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An Honest Review of 'Game Night' Starring Jason Bateman and Rachel McAdams

by Nikita King 2 years ago in review
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Game Night (2018) starring Jason Bateman and Rachel McAdams is a comedy film featuring a ragtag team of friends and the adventurous night that ensued following the sudden turn of events at one of their game nights. Here is an honest review. This review contains spoilers so be aware. (SPOILER ALERT)

Game Night Cast: Jason Bateman, Rachel McAdams, Billy Magnussen, Sharon Horgan, Lamorne Morris, Kylie Bunbury, Jesse Plemons, Michael C. Hall and Kyle Chandler

Direction & Production Team: John Francis Daley, Jonathan Goldstein, John Davis, John Fox, Jason Bateman and James Garavente

Written by: Mark Perez

Rating: 1.5/5 Stars

Game Night is a black comedy about a competitive gambler Max (Jason Bateman), his wife Annie (Rachel McAdams) and their friends Ryan (Billy Magnussen), Kevin (Lamorne Morris) and Michelle (Kylie Bunbury) who engage in a weekly tradition of “Game Night”. The event is always hosted at their home. The characters and their own stories are introduced to us early on. Max and Annie are having a hard time conceiving due to his low sperm count. After some hints from Annie, the doctor deduces that his symptoms are could be due to Max having a crisis of confidence. Max feels like a failure in comparison to his older more attractive brother Brooks ( Kyle Chandler). Brooks is wealthy, successful and admired by all. Ryan is a serial dater who brings a different woman to each game night. He is a bit dim-witted but he means well. Kevin and Michelle have been together since they were 14 years old and are soul mates. We are also introduced to another character, Gary ( Jesse Plemons). Gary is the creepy neighbour of Max and Annie, a police officer and the ex-husband of their former friend. Gary and his wife used to attend Game Night but ever since the two divorced, Max and Annie avoid Gary at all costs because he is odd and slightly intimidating. The couple lies to Gary and tells him that they are not having a Game Night because they do not want to invite him.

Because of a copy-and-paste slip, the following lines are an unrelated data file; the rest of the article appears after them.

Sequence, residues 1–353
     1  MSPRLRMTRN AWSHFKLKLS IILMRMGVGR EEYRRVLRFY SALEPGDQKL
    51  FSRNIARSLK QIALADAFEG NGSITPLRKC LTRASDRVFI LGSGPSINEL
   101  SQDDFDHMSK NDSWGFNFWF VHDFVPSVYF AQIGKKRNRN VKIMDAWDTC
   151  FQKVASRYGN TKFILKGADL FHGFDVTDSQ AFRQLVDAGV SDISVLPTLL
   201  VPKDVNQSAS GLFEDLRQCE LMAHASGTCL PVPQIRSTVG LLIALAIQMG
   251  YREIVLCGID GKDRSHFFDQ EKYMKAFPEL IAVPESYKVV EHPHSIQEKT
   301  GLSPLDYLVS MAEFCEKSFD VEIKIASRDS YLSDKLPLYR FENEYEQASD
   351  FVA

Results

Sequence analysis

Brooks comes into town on a Game Night and joins the others. The audience quickly realizes that he is an arrogant condescending jerk whose only redeeming quality is that he is charming. Brooks offers to hosts the next Game Night, Max and Annie reluctantly agree. The next week, they all (except Gary) meet at Brooks’s house. Ryan has invited yet another stranger, Sarah (Sharon Horgan). She is quite different from his other dates in that she is age-appropriate and intelligent. Brooks tells the group that he has added a twist to Game Night and hired a party company to stage a kidnapping. One person will be taken and the rest must solve clues and riddles along the way to find the “victim”. The plan begins to unfold rather quickly as two men break in and take Brooks while the others eat popcorn and watch as Brooks tries to “fight his attackers off’. Unfortunately, the kidnapping was real and the group will only realize this about an hour later. What follows is a series of hijinks, break-ins, wild driving, shootings and hosts of other shenanigans as they attempt to rescue Brooks from his kidnappers and protect themselves.